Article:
Parents will do anything for their children. Some parents, by circumstance of illness or other challenge, go further, becoming activists who make a difference—for everyone.
When Eve Kessler’s son started school, there was little know-how for parents of special needs children about getting school services or available therapies. “This was 17 years ago, when few children in Wilton were diagnosed with autism. There was no place to fill this incredible hole of knowledge, and this hole in your heart. Knowledge wasn’t coming to you, you had to find it.”
A public defender with Legal Aid in Manhattan, Kessler knew research. “Another parent with an older child handed me her file and that’s where I started. I went to conferences around the country; I talked to experts, learning everything I could.” Meeting other families along the way, she saw she wasn’t alone. “People needed information tailored for their child and support—connecting with parents facing similar challenges. We started SPED*NET as a not-for-profit place for both.”
SPED*NET trailblazed for Wilton’s special needs families where there’d been nothing before. They authored a special services handbook that’s become the go-to resource distributed by school districts, including Wilton—“Bringing Knowledge to the Table: How to be an Effective Advocate for Your Child”—and published it online for free. They sponsored speakers, empowering parents to stand up for their children. News spread through Fairfield County, Westchester, New Jersey and beyond.
“We taught parents to advocate for their child and not rely on someone else. That thing about put your oxygen mask on first—you are the oxygen mask. If you’re not taking care of yourself, you can’t take care of your kid. If you’re not, no one else will.” SPED*NET continues as the resource for families desperate for information. “Seventeen years later, there are always parents in this ‘new’ situation,” says Kessler.
Jeff and Kristy Snyder faced a different “new” situation when their 12-year-old daughter, Kennedy, was diagnosed with spinal cord tumors at age two. They started the CORD Foundation after learning medical research into her rare cancer was grossly underfunded. “We took matters into our own hands, not to teach people, but to save Kennedy’s life,” explains Jeff, raising more than $1.8 million.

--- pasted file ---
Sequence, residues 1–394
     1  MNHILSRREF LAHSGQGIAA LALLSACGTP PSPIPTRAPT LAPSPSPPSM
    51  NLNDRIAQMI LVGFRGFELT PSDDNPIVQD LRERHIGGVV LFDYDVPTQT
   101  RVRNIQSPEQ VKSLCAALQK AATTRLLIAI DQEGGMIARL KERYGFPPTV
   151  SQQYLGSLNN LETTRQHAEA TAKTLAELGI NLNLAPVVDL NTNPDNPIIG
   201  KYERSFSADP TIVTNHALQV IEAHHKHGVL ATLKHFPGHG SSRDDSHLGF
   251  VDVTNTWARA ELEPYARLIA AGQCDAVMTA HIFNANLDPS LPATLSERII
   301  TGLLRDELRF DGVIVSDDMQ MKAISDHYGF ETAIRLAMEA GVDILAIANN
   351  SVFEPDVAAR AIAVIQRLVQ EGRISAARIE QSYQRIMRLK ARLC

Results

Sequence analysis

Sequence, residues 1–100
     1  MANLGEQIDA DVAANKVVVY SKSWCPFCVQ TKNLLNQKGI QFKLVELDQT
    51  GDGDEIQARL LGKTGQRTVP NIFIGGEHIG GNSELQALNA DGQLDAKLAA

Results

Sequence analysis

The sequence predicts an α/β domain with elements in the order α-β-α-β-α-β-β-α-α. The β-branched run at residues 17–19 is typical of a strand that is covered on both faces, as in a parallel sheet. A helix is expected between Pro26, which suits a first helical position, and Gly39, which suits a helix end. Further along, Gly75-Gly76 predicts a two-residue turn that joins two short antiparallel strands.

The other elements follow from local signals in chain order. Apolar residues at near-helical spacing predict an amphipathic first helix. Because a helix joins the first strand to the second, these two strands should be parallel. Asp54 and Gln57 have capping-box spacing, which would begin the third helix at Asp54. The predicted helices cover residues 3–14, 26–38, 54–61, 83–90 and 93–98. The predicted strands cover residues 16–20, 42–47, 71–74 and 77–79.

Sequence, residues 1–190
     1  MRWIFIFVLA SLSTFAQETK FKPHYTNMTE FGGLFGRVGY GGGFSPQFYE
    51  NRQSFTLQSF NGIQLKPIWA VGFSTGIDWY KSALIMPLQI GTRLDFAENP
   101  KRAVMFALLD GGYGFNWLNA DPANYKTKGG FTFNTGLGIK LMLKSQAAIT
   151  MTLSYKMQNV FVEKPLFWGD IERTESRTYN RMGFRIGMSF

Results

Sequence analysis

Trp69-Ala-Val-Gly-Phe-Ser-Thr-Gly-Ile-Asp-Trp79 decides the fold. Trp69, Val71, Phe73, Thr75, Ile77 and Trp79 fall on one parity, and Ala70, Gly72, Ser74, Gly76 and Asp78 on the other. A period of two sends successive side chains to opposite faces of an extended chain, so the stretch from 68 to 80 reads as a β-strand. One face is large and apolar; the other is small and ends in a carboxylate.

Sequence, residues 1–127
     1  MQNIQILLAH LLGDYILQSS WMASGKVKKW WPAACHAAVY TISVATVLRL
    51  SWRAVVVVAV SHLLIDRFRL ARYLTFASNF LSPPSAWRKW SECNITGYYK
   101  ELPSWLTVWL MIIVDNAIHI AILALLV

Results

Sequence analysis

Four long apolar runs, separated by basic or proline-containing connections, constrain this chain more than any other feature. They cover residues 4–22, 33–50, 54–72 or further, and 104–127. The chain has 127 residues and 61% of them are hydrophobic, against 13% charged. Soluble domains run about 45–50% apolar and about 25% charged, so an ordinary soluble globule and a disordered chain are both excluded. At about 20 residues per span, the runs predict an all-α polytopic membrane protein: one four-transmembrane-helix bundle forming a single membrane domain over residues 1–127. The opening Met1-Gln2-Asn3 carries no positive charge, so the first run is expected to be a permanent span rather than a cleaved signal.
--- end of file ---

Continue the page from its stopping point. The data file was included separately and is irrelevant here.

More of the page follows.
Jeff’s business is event marketing; he raises money the same way he makes a living—creating events to get people participating through fun. He spearheaded Wilton’s “Million Mile Run” team for pediatric cancer in September, raising $60,000 in one month. “Creating fun activities—scavenger hunts, poker tournaments—people feel helpless and want to help; it’s easier to jump onboard and have fun doing it. I design something so people not only open their hearts, but also open their wallets.”
Maryann Lombardi opens doors—literally and figuratively—on behalf of children with developmental disabilities, like her son Gianni. She became a fierce advocate in Hartford and DC against restraint and seclusion rooms in schools after discovering Gianni was regularly locked in a small room at school without her knowledge. She was instrumental in passing state law protecting children against punitive use of such methods, and advocated for legislation in Washington.
Now that Gianni is 22, Lombardi promotes creating independent living situations for adults with special needs. “Parents aren’t encouraged early enough to start planning. We think about college when typical kids start school, but when a child is profoundly disabled, we take a ‘wait-and-see’ approach, because we don’t know what’s next.”
She encourages parents to take initiative. “State Sen. Toni Boucher said to think, ‘What can we do to help the state to move forward?’ not, ‘What can we get from the state?’ I took that seriously. We needed to put our money where our mouth is. My husband and I did—we bought the house on our corner, renovated it, and made it a home for young adults with developmental disabilities.”
Lombardi hopes other families do the same, even though, she laughs, “It wasn’t easy! On top of renovating a house, you’re dealing with governments—local, state and federal. In Wilton—the building department, planning and zoning, health department, fire marshal; in the state, inspections for the rent subsidy program; the federal government has a role, because Medicaid pays for programming and support once the house is finished. It’s one step at a time—if you look at the whole thing, you’d go, ‘Oh God, I could never do that!’” Wilton, she adds, was great. “Everybody at Town Hall really wanted to help.”
Lombardi was vice-chair of the State Council on Developmental Disabilities, and lectured about creative housing for a “Partners in Policymaking” class at UConn’s Center for Excellence. Making her individual experience work almost universally is the secret to her successful brand of activism. “My son is every child. Whatever I’m doing for him benefits every child.”